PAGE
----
Currently, there is no clear approach to determining which children will have their GD will persist or desist. While there is research correlating the intensity of GD in childhood to the likelihood of persistence, each GD case can be vastly different and complicated, as even the idealized Dutch protocol requires extensive psychodiagnostic assessment that may require years (Steensma et al., 2013; De Vries & Cohen-Kettenis, 2012). Furthermore, due to the lack of “any randomized controlled treatment outcome studies of gender dysphoric children,” treatment recommendations are largely guided by expert opinion (Drescher & Pula, 2014). In the end, these “experts” must use the principles of autonomy, beneficence, and nonmaleficence to guide their treatment. While minors have little legal autonomy, physicians are obligated by beneficence to treat the child’s GD, but by nonmaleficence they cannot unnecessarily harm their patient. This line between benefit and harm makes the “expert opinion” incredibly subjective, shown by the multitude of different approaches to GD not only in Amsterdam, but also in Toronto and UCSF. 

The best way forward is treatment with informed consent. There must be a thorough conversation and examination with the child and parent, indicating risks involved with intervention and non-intervention, while looking towards expert opinions and waiting for extensive research. 

Edited by Richard Lee

References

Bizic, M. R., Jeftovic, M., Pusica, S., Stojanovic, B., Duisin, D., Vujovic, S., Rakic, V., & Djordjevic, M. L. (2018). Gender Dysphoria: Bioethical Aspects of Medical Treatment. BioMed research international, 2018, 9652305. https://doi.org/10.1155/2018/9652305

de Vries, A. L., & Cohen-Kettenis, P. T. (2012). Clinical management of gender dysphoria in children and adolescents: the Dutch approach. Journal of homosexuality, 59(3), 301–320. https://doi.org/10.1080/00918369.2012.653300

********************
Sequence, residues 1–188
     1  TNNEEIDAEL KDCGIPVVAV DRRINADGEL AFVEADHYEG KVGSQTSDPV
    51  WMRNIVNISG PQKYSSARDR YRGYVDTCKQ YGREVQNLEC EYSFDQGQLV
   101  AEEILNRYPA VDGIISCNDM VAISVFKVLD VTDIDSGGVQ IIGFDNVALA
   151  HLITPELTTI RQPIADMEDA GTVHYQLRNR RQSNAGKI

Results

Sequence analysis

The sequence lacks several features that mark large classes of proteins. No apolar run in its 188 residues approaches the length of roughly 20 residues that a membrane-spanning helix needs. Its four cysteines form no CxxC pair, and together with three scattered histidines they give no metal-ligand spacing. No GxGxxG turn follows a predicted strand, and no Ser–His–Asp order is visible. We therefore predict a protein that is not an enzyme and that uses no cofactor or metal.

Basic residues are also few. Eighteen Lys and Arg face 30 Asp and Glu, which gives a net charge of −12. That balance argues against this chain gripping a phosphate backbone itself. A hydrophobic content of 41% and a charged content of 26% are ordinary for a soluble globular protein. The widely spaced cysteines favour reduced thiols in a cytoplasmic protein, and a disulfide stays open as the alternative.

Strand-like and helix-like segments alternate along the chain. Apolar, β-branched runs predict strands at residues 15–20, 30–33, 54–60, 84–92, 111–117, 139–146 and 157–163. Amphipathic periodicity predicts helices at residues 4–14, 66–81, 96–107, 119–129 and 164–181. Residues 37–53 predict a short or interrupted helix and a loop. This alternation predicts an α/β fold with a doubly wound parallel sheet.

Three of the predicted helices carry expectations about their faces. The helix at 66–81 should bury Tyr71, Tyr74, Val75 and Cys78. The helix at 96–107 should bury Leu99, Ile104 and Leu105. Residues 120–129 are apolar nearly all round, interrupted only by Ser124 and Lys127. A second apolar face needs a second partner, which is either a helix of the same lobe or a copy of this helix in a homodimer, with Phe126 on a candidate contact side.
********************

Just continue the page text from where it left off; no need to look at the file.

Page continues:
de Vries, A. L., Steensma, T. D., Doreleijers, T. A., & Cohen-Kettenis, P. T. (2011). Puberty suppression in adolescents with gender identity disorder: a prospective follow-up study. The journal of sexual medicine, 8(8), 2276–2283. https://doi.org/10.1111/j.1743-6109.2010.01943.x

Drescher, J., & Pula, J. (2014). Ethical issues raised by the treatment of gender-variant prepubescent children. The Hastings Center report, 44 Suppl 4, S17–S22. https://doi.org/10.1002/hast.365

Hidalgo, M. A., Ehrensaft, D., Tishelman, A. C., Clark, L. F., Garofalo, R., Rosenthal, S. M., Spack, N. P., & Olson, J. (2013). The Gender Affirmative Model: What We Know and What We Aim to Learn. Human Development, 56(5), 285–290. https://doi.org/10.1159/000355235

Kaltiala-Heino, R., Bergman, H., Työläjärvi, M., & Frisén, L. (2018). Gender dysphoria in adolescence: current perspectives. Adolescent health, medicine and therapeutics, 9, 31–41. https://doi.org/10.2147/AHMT.S135432

Panagiotakopoulos L. (2018). Transgender medicine – puberty suppression. Reviews in endocrine & metabolic disorders, 19(3), 221–225. https://doi.org/10.1007/s11154-018-9457-0

Seal, L. J. (2016). A review of the physical and metabolic effects of cross-sex hormonal therapy in the treatment of gender dysphoria. Annals of Clinical Biochemistry, 53(1), 10–20. https://doi.org/10.1177/0004563215587763

Steensma, T. D., McGuire, J. K., Kreukels, B. P., Beekman, A. J., & Cohen-Kettenis, P. T. (2013). Factors associated with desistence and persistence of childhood gender dysphoria: a quantitative follow-up study. Journal of the American Academy of Child and Adolescent Psychiatry, 52(6), 582–590. https://doi.org/10.1016/j.jaac.2013.03.016

Suppakitjanusant, P., Ji, Y., Stevenson, M. O., Chantrapanichkul, P., Sineath, R. C., Goodman, M., Alvarez, J. A., & Tangpricha, V. (2020). Effects of gender affirming hormone therapy on body mass index in transgender individuals: A longitudinal cohort study. Journal of clinical & translational endocrinology, 21, 100230. https://doi.org/10.1016/j.jcte.2020.100230

Weinbauer, G. F., Respondek, M., Themann, H., & Nieschlag, E. (1987). Reversibility of long-term effects of GnRH agonist administration on testicular histology and sperm production in the nonhuman primate. Journal of andrology, 8(5), 319–329. https://doi.org/10.1002/j.1939-4640.1987.tb00970.x

Image Citations

Chang, C, (2021). Differences in mental health among Dutch adolescents. ScienceNews. Society for Science. Retrieved February 24, 2022, from https://www.sciencenews.org/article/transgender-youth-mental-health-gender-affirming-care-laws

Stevenson, M. Ol. (2020). Boxplots for course of BMI levels in four cohorts of transgender men and women receiving gender affirming hormone therapy over the period of 7 years. NCBI. Elsevier. Retrieved March 12, 2022, from https://www.ncbi.nlm.nih.gov/pmc/articles/PMC7358708/figure/f0010/.